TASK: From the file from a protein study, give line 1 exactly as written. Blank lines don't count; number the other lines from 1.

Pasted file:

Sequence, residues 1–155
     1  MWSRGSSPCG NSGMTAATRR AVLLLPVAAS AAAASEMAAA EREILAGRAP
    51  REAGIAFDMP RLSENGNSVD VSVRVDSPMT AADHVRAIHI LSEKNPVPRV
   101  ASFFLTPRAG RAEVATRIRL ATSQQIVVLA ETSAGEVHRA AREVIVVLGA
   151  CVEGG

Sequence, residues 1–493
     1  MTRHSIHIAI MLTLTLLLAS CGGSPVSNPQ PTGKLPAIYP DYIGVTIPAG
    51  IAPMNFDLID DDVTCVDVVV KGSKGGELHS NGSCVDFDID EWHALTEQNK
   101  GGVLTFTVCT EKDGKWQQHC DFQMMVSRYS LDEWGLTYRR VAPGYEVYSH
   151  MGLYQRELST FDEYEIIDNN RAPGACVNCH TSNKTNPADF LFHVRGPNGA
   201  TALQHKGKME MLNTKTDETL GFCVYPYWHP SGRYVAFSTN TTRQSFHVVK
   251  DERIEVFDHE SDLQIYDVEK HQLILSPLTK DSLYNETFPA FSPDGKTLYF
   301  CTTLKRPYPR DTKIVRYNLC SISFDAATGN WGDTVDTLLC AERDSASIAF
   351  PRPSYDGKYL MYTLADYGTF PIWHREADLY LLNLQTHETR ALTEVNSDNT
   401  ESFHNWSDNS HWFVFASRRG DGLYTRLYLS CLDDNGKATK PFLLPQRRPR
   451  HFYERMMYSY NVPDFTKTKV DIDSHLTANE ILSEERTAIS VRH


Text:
Sequence, residues 1–155